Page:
Men’s Conference taps university president from N.D. as keynoter

Categories: Around the Diocese

By Kristi Anderson
For The Visitor

For 15 years, generations of men, rural and urban, young and old, have attended the annual Catholic Men’s Conference. And, in the last five years, the committee that plans the day’s events noticed a shift — that the conference is attracting a much younger crowd.

So the committee’s members wanted to choose a message — and a messenger — for this year’s gathering, Feb. 21 at St. John’s University in Collegeville, that would help young men to think more intentionally about their faith, said Chris Codden, director of the Office of Marriage and Family for the Diocese of St. Cloud.

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Msgr. James Patrick Shea

Their choice for the keynote speaker? Msgr. James Patrick Shea, sixth president of the University of Mary in Bismarck, N.D., and the youngest university president in the United States.

“I am always honored to be asked to attend an event that has so much promise,” said Msgr. Shea, who began his tenure as president in 2009 at age 34. “The idea of having an event like this shows great leadership in the Diocese of St. Cloud and great concern for not only men, but for all families and for the greater society in the church.

“We have so many students coming to us from central Minnesota — a strong Catholic culture — and that does so much good for our campus. This is just a small way that I give back to the people there.”

The recurrent theme of the conference remains Men of Integrity, while Msgr. Shea was given the opportunity to choose the subtheme, which he deemed Men of Life.

“I love the theme, Men of Integrity, he said. “The word ‘integrity’ dates back to one of the medieval concepts of beauty, which means ‘wholeness’. When we think about integrity, the beauty of which it speaks comes through a wholeness of life, living each day fully and for the Lord.

“Men of Life resonated with me because of this journey toward wholeness of life,” he added. “St. John Paul II warned about a culture of death. The tremors of that culture of death affect all of us in our lives because the beauty of life is in danger; so, as a result, we need to be witnesses to life and to share the joy of the Gospel.”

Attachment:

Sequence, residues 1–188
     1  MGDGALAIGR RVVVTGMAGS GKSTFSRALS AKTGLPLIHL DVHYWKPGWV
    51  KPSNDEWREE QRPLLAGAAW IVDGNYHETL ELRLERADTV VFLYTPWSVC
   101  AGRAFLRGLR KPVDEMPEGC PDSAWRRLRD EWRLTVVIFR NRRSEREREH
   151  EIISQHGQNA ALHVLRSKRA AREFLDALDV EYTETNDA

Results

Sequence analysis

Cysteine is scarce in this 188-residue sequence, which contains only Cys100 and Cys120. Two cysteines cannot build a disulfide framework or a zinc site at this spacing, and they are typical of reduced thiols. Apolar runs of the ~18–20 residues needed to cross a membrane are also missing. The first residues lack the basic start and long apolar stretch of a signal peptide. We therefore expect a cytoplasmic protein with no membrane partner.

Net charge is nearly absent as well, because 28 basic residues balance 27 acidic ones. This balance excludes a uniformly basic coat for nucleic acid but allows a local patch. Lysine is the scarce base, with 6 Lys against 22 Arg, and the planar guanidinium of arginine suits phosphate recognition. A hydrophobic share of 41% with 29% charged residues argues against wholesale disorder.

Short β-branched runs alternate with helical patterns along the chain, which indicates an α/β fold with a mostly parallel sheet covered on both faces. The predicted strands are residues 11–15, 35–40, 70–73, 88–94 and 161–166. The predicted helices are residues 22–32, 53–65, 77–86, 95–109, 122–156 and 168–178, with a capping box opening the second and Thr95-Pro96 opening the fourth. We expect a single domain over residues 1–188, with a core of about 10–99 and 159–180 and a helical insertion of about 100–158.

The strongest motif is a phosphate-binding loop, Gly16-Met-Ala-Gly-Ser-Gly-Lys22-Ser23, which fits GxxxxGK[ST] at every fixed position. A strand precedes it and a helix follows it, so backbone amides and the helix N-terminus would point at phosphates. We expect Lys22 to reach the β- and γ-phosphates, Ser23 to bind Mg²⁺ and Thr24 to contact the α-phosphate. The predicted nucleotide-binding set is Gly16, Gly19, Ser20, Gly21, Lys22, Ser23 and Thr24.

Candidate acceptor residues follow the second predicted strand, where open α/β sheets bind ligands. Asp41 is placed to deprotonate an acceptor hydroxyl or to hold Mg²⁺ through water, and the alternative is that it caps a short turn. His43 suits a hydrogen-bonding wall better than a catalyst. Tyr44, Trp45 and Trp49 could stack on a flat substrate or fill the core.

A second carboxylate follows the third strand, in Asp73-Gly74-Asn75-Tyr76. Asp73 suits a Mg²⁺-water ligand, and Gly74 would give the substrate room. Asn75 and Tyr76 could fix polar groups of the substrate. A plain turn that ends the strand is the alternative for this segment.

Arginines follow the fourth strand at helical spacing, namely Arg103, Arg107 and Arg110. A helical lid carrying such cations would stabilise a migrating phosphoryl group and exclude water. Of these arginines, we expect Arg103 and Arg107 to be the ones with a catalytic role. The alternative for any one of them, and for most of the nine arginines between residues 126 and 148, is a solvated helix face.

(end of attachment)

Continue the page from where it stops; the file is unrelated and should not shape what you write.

Other speakers

In addition to Msgr. Shea’s keynote address, 14 speakers will present breakout sessions. David Rydberg, a seasoned veteran of the Men’s Conference, will deliver a message about Pope Francis and the “Ten Things You Must do to be Happy.”

New on the docket this year is Father Don Wagner, born on the feast of the Immaculate Conception, who will share his deep devotion to the Blessed Mother in his workshop titled “Bringing Mary into Your Life.”

The conference, which is simultaneously conducted in Spanish for the Hispanic/Latino men of the diocese, has typically drawn more people than past venues could hold. But, after a couple of years of trying to accommodate a larger crowd in the Abbey Church, the conference will return to the smaller 535-seat Humphrey Auditorium this year.

This change is needed because the acoustics in the church made it difficult to hear the speaker, said Codden, who suggests registering early to ensure a seat by visiting www.stcdio.org/mensconference.

The conference will include an opportunity for the sacrament of reconciliation and will conclude with Mass celebrated by Bishop Donald Kettler.

“My message is secondary,” Msgr. Shea said. “The experience of being together and witnessing together in faith at an event like this comes first. The role of the speaker is to fuse together a common vision. My hope is that the men take more away from each other in fellowship than anything I would say.

“Each of us is trying to be a disciple, striving for wholeness of life and fearless joy,” he said. “In the work I do as priest and as president, I have found that there is no other real way to live but through joyful witness. God not only wants to straighten out our lives, but to transform us and give us hope and courage to witness to others — our family, friends, those in our workplaces and whoever we meet. My hope is that the men leave recharged and strengthened to go and live out the joy of the Gospel.”